A lot or a little?
The parents' guide to what's in this app.
What parents need to know
Parents need to know that Learning Ally Audio pairs with a subscription-based program for kids with visual impairments or dyslexia, and users must qualify before subscribing. Learning Ally provides access to more than 75,000 audio books for $119 per year. Members must assign books to user accounts using a Web browser before downloading them to the app. Text and background colors can be adjusted by preference, rate of reading can be altered, and highlighted text can be set to match a rate that best fits a kid's reading ability. Because the available books are for K–12, parents should supervise as younger kids choose and download books.
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What's it about?
To use LEARNING ALLY AUDIO, parents must purchase a subscription and submit documentation (such as an IEP, a 504, or a document provided by the website and signed by a qualifying clinician). Audiobooks are selected from a Web browser and added to a user's bookshelf. Kids then can access and download books from their mobile devices. Each book file provides a table of contents, which kids can click through. Once a page is selected, the narration will start automatically. Kids can pause, skip forward, or go back using buttons at the bottom of the screen. They also can adjust the size of the text or reading rate by tapping the corresponding icon. Each click and swipe results in a tonal response for visually impaired kids. Text is highlighted as a human or computer voice reads each phrase or paragraph. Kids can insert a bookmark to hold their place, and the book will begin there when the app is opened again.
Is it any good?
Learning Ally Audio provides an opportunity for readers with visual impairments or dyslexia to gain access to all types of reading material. More than an ereader, this app highlights text as it's read to help readers develop fluency skills and offers features that allow kids to personalize by adjusting the reading rate and text size. Learning Ally Audio provides content for all grade levels (including textbooks), so younger kids may need adult supervision before adding books to their bookshelves. There are some books that have the computerized voice and phrasing, but most books are read by a human and help reinforce good reading skills (rate, porosity, phonics, and so on).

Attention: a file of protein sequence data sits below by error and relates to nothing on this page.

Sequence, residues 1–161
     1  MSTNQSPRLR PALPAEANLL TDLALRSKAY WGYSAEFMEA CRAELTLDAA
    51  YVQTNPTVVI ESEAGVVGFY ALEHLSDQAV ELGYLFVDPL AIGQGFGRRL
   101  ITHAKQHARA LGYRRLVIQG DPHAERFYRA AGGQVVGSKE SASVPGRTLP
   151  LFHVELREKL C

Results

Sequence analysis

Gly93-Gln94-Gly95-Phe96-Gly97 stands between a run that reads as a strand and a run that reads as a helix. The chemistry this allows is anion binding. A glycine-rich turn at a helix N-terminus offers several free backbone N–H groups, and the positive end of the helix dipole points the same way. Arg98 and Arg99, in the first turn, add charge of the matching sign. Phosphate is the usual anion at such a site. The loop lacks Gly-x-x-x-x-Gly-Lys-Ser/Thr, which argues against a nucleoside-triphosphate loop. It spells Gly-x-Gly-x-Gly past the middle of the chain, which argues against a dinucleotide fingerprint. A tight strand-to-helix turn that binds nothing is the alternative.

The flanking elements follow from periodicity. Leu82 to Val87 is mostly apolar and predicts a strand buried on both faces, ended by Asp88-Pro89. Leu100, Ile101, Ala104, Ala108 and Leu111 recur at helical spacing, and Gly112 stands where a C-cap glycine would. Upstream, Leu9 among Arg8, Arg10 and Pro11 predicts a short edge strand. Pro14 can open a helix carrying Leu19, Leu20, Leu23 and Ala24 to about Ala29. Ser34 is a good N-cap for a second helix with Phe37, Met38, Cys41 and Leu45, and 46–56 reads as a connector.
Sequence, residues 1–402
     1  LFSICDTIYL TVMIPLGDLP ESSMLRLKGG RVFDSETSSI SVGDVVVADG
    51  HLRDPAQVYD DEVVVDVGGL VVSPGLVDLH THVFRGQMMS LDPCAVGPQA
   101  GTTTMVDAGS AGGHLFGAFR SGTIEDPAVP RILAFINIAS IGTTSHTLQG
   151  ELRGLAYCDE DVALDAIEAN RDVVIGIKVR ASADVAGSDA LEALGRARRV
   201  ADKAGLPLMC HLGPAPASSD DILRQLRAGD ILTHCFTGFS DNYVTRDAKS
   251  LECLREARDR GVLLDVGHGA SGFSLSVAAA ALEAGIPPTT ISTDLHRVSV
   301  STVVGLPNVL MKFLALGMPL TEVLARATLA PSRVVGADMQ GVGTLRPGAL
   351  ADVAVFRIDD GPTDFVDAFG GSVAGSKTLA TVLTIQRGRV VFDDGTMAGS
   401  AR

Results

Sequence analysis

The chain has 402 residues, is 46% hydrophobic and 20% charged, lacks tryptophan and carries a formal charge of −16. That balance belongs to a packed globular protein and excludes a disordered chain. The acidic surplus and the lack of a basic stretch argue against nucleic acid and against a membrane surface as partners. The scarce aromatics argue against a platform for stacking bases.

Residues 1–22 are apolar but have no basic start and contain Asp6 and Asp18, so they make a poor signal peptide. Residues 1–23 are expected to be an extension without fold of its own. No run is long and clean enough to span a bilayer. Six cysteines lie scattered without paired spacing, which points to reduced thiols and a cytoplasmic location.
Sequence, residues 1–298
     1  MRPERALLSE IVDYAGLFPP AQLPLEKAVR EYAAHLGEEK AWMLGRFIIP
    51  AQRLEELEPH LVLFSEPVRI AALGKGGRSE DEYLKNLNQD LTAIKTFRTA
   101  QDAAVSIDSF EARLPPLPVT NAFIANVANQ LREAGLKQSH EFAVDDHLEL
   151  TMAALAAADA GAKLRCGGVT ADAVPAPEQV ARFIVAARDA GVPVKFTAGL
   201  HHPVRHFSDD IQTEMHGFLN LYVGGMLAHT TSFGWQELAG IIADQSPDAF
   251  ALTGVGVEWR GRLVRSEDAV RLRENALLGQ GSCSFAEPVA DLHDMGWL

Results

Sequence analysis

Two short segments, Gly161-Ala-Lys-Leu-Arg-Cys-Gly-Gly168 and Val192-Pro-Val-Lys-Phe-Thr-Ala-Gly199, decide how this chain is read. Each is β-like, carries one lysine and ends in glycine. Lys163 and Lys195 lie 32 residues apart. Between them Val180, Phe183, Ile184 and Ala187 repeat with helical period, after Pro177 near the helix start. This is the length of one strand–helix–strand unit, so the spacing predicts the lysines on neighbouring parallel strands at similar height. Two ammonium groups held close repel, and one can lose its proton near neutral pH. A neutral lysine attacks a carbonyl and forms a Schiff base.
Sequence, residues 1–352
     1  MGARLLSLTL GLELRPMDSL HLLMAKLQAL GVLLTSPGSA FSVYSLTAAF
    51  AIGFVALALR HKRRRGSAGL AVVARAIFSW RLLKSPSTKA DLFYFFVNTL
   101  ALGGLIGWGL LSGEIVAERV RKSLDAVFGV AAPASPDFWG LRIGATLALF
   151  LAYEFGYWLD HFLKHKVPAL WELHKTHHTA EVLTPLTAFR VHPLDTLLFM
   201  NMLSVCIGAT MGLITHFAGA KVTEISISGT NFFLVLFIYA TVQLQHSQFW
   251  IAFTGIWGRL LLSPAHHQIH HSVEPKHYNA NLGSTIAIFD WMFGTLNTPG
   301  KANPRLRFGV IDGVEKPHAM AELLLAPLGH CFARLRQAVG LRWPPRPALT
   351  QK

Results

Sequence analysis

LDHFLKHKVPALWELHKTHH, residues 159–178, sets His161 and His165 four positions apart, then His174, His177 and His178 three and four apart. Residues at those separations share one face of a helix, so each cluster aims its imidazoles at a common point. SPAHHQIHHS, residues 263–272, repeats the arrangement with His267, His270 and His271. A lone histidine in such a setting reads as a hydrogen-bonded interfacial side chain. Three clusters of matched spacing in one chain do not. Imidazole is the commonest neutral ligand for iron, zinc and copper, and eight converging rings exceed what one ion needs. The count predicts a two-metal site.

Talk to your kids about ...
Families can talk about the books kids have been reading: What character do you most identify with? Does this character overcome a challenge or stick with something he or she finds challenging? What happens as a result?
Parents can encourage reading with their kids by listening to the books with them. Then, exchange ideas about what you think should have happened or how you might rewrite the ending. Tell kids which scene you could most vividly see and why, and then ask them about one they remember.
- Devices: iPhone, iPod Touch, iPad
- Subjects: Language & Reading: letter or word recognition, reading, reading comprehension, storytelling
- Skills: Self-Direction: academic development
- Price: Free
- Pricing structure: Free (though the app is free, users must prove documented visual impairment or reading disability to use this product at $119 per year. Opportunities for cost subsidy available)
- Release date: April 9, 2014
- Category: Education
- Size: 8.10 MB
- Publisher: Learning Ally, Inc.
- Version: 3.2.0
- Minimum software requirements: 5.0 or later
- Last updated: June 23, 2019
For kids who love reading
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